After Portland filmmaker Matt McCormick screened his film The Subconscious Art of Graffiti Removal at Sundance Film Festival, galleries and museums began asking to show it—including such prestigious venues as the Museum of Modern Art and the Serpentine Gallery in London. The film would play on a loop in some corner, looking for all the world like a clever piece of video art. More than once, he says, a collector approached him to inquire about buying the work. He'd say yes, but instead of naming a four-figure price, he'd direct the collector to www.peripheralproduce.com, the website of his own small distribution company. The Subconscious Art of Graffiti Removal retails at $24.95, and it comes with nine other short films.
The Subconscious Art of Graffiti Removal is a brilliant send-up of Clement Greenberg's view of 20th-century art history as series of ever-severer refinements on the previous generation's work. The film's deadpan premise (set forth in a voiceover by then-Portlander Miranda July) is that the patches of paint that city workers use to cover up graffiti tags are themselves works of art—the direct descendents of paintings by Rothko and Malevich. These "paintings" are said to owe something to surrealist automatism, too, as though to further torment the formalist ghost of Greenberg. It's extremely funny.
No wonder a collector would assume The Subconscious Art of Graffiti Removal was a work of art for sale. It's an art in-joke, after all, being shown in the context of a gallery. But when money enters the picture, it doesn't act like a work of art. One imagines the collector trying to toss an improvised aura over the cheap DVD, sort of like a would-be museum thief throws a blanket over a painting. In both cases, there's an attempt to remove the object from the public sphere, always keeping the potential for appreciation and resale in mind.
In terms of aesthetics, subject matter, format, length, and the presence or absence of rudimentary narrative, experimental film and video art are basically the same. Most anything goes. One of McCormick's best early films, for example, is a nostalgic ode to a beauty queen perched atop a block of ice, delivered in the computerized voice of a man in a polar bear suit (Sincerely, Joe P. Bear). Another is a comedic shot-on-location documentary about huge rodents invading Louisiana (American Nutria). More recently, McCormick has taken a subtler approach, using vérité understatement to hype the humble tugboat (Towlines).
But there are differences between experimental film and video art, and most have to do with the way the pieces are displayed and marketed. Video art is seen in galleries and museums; it plays in a loop rather than over a discrete stretch of time. The videos are produced in very small editions, like prints, and if you want to own one, you have to shell out. Experimental films, meanwhile, are screened in theaters or on DVD, and an inexpensive copy can often be found for every prospective buyer.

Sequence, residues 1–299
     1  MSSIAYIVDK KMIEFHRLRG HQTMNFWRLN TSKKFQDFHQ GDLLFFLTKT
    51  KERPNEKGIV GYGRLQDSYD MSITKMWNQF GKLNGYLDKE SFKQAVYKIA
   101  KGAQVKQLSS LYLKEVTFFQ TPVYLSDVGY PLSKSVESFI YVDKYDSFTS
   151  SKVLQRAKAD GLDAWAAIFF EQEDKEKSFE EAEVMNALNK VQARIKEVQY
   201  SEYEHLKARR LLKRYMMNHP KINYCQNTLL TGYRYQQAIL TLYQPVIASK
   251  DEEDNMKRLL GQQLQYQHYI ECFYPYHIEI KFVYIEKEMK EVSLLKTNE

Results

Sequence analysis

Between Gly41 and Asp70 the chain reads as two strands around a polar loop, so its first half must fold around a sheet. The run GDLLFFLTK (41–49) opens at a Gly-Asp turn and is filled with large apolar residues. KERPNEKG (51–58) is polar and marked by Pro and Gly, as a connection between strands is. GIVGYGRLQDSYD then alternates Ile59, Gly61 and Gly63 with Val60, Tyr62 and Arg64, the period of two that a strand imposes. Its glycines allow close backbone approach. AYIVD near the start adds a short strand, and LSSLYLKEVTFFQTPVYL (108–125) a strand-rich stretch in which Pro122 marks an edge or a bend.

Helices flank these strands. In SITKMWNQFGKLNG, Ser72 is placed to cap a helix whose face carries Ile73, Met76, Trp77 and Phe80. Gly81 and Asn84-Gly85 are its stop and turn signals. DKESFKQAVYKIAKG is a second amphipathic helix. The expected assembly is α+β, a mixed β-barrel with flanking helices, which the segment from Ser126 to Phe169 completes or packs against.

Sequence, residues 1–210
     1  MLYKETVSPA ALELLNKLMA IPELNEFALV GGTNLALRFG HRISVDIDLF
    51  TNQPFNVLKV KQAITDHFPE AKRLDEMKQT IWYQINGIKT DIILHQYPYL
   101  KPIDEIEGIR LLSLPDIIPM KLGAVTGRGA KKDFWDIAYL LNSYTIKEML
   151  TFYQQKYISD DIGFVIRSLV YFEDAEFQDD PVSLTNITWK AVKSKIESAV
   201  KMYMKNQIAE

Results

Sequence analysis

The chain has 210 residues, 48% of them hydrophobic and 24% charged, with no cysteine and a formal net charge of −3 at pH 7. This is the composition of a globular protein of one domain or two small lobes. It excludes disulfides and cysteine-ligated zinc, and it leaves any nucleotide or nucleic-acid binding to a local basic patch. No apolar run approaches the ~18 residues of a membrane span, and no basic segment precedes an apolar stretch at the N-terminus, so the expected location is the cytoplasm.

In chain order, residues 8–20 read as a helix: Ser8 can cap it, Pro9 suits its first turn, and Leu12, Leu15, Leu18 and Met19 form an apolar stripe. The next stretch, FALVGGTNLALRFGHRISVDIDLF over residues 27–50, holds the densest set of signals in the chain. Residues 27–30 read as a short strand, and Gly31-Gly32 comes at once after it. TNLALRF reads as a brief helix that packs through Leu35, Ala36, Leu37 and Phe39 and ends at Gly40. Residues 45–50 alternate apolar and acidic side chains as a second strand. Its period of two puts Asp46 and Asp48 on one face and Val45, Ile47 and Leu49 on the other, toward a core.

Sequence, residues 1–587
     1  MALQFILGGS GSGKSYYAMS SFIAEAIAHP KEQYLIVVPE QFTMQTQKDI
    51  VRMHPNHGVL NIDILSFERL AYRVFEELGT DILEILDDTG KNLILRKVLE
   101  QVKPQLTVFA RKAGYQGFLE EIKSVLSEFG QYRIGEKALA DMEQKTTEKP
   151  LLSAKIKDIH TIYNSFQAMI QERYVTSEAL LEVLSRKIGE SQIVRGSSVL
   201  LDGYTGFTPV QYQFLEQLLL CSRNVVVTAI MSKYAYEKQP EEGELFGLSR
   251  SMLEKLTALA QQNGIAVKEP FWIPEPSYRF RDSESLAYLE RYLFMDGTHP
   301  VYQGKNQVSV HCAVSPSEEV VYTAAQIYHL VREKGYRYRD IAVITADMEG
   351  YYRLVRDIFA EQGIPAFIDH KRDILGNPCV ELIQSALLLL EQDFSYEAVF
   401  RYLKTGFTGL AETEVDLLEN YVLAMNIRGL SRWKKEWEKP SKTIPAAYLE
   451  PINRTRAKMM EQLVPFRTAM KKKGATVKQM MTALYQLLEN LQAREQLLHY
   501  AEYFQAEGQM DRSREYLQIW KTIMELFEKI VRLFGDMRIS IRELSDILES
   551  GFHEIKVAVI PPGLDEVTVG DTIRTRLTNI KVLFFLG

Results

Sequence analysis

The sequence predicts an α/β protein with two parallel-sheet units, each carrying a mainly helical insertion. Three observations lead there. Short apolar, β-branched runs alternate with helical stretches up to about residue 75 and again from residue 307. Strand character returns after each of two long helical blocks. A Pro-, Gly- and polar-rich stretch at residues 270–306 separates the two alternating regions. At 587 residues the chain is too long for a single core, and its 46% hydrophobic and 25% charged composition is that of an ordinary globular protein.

It's hard to say whether there are any real justifications for this distinction. Perhaps the act of putting the video on a gallery wall does the trick. (The would-be collectors of The Subconscious Art of Graffiti Removal might beg to differ.) Remember, though, that the artist's act of selection from his or her environment—that slightly musty justification for Duchamp's readymades or the impulse behind Yoko Ono's Sky TV, an early precursor of video art—occurs whenever a documentary filmmaker aims a camera. Moreover, a great deal of experimental film includes found components. You can see this influence in filmmakers active in the '90s, especially—McCormick scored his own trove of 16 mm film as a Portland-area ABC affiliate emptied its film archive and transitioned to video.
The question of the artificial or willed aura hangs over every piece of video art. I don't think that's necessarily a bad thing. It's a blast of outside air into the rarefied atmosphere of the gallery, if nothing else. McCormick, for his part, doesn't seem inclined to settle the matter. The footage in the installation opening at the Lee Center for the Arts, Future So Bright, has been seen before in Seattle in April, where it was screened as a live event in a crumbling building with McCormick accompanying the projection loudly on guitar.
I don't doubt that the prolonged, meditative shots of sun-stripped houses and gutted businesses, the detritus of civilization that dots the Western landscape like optimism drying on a vast timeline in Future So Bright, will take on a different tone when they're seen on a loop in a gallery. Perhaps they will be lulling, or perhaps they will be uncanny, but the difference will be felt.
McCormick's newest film, It Was a Crushing Defeat, is another telling example of the disciplinary flexibility of his output. It's listed in his website both as a work-in-progress "film/video installation" and as a "film." The project was ultimately funded by Northwest Film Forum's Signature Shorts program, which makes luxurious 35 mm prints and ships them off to be shown before features in theaters across Western Washington, so you may run across it there. Seen on film, It Was a Crushing Defeat is a stubborn little thing, dim and hard to interpret. But who's to say its night-vision horse and glowing orb might reveal something new if watched over and over on a loop? I wouldn't know. I saw it only once in a theater.